It's a little different if you have to incur a high marginal rate for some dollars in order to reach a lower marginal rate at higher conversion amounts. The social security "tax torpedo" is one good example: the high marginal rates may apply only to a relatively small dollar amount, so push through that zone to reach lower rates.
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Old 06-02-2022, 02:45 PM   #5
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The one tricky part will be that if you go into the 22% bracket (actually $200 shy of it), you lose 0% treatment on any long term capital gains you may have in your taxable account.
This is a good point. I would plug the numbers into tax software to see actual tax due and effective rate.

I tend to look at conversions a little differently.

First, I look at the overall effective rate for the conversion, and don't get bogged down if a small part of that had a higher rate.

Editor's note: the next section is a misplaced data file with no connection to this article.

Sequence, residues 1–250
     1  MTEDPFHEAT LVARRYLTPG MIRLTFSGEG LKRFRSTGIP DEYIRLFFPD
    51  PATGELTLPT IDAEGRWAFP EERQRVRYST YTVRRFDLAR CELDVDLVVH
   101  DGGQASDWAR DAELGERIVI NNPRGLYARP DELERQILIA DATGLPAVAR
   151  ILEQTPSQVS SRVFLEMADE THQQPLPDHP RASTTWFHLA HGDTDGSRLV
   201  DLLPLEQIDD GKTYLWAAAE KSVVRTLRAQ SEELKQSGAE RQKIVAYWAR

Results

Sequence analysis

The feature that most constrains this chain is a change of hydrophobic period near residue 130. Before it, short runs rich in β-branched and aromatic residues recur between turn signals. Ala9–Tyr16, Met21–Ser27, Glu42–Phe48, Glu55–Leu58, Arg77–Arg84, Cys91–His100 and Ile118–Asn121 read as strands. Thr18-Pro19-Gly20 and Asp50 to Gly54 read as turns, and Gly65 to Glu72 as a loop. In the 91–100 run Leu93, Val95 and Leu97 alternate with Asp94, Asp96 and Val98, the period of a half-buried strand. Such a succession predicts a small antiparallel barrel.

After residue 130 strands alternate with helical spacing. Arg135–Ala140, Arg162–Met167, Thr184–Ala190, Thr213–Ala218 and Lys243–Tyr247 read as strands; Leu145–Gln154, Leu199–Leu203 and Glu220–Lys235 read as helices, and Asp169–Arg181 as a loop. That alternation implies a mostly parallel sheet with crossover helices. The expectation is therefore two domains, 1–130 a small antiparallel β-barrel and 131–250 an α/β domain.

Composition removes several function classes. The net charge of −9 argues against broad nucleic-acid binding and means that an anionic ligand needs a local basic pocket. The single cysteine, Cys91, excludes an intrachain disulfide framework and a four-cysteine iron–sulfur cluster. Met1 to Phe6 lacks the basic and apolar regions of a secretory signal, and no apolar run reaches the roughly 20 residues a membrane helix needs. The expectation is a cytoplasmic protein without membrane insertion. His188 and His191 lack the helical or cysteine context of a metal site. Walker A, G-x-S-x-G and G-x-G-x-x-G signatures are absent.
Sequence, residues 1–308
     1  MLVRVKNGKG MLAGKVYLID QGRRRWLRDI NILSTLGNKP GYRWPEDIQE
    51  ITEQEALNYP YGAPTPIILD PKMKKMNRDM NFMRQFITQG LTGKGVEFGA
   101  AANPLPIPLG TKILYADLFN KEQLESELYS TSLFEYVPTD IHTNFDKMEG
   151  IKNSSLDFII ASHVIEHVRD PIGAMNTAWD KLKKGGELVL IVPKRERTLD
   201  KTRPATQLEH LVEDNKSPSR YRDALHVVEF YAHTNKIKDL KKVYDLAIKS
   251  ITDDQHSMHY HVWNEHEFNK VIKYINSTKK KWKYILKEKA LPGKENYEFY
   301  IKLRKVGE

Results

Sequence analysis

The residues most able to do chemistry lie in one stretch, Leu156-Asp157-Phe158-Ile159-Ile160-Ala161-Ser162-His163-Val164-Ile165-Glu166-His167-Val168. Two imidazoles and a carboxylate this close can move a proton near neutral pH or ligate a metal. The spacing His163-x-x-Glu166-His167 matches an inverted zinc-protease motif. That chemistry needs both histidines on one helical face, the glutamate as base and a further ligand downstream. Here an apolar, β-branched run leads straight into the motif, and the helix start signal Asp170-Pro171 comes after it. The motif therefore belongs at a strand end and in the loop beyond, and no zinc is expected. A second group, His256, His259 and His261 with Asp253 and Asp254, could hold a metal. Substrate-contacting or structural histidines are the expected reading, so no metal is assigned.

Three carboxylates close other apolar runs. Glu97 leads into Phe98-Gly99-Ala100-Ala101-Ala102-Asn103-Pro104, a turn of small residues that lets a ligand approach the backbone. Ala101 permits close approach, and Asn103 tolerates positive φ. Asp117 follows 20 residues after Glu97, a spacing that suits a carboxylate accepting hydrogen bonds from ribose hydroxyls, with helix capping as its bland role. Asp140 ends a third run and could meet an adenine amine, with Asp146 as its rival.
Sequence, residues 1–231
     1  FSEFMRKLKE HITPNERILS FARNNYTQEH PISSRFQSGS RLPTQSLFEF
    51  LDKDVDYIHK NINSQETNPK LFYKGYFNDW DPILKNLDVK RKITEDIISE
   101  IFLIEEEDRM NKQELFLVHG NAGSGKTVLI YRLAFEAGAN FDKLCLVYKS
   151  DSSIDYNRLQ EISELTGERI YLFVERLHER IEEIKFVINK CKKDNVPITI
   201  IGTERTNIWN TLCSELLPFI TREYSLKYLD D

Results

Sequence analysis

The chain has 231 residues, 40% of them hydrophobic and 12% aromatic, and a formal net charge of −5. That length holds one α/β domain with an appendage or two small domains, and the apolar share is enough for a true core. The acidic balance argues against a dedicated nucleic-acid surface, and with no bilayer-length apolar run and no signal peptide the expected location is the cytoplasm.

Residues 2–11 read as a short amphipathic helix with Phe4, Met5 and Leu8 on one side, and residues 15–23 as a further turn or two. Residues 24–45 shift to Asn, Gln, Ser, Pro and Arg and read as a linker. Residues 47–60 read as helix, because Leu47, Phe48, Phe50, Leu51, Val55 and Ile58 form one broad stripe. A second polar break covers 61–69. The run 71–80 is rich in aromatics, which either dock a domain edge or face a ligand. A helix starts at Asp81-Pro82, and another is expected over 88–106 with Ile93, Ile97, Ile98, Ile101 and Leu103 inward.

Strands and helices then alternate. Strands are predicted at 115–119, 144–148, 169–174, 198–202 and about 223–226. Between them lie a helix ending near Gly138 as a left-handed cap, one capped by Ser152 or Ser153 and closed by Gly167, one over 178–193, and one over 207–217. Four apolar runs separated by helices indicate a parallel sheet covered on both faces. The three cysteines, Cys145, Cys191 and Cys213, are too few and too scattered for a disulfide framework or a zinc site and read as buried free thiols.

Since the majority of our tIRA's were deferred in the 25-28% bracket, any conversion under 25% is a win for deferring. Before taking SS, it was easy to convert even into the 22% bracket, with an effective rate on the total under 15%.

I took SS at FRA, so now if I convert just below the first IRMAA bracket, the effective rate will be around 24% (accounting for the increased SS taxation). But that is where we will be in 5 years no matter what, and maybe we can hold off IRMAA for several more years after RMD's kick in by lowering the tIRA value.

Is it OPTIMAL? Darned if I know (If I can, I'll let you know after we both pass), but it seems reasonable.
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Old 06-02-2022, 03:06 PM   #6
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Originally Posted by Gumby View Post
The one tricky part will be that if you go into the 22% bracket (actually $200 shy of it), you lose 0% treatment on any long term capital gains you may have in your taxable account.
Yes, good point. I did plug this into a tax program (https://www.mortgagecalculator.org/c...calculator.php) and I do have a few $K of LTCG, so I'll play with those to see.

I'm leaning back to just the top of the 12%. To hold off on my pension and SS does mean tapping some principal until then, which will also probably mean more tax on top of it (unless I can offset a bit with losses).

Thanks to all for the feedback!


-ERD50
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Old 06-02-2022, 03:56 PM   #7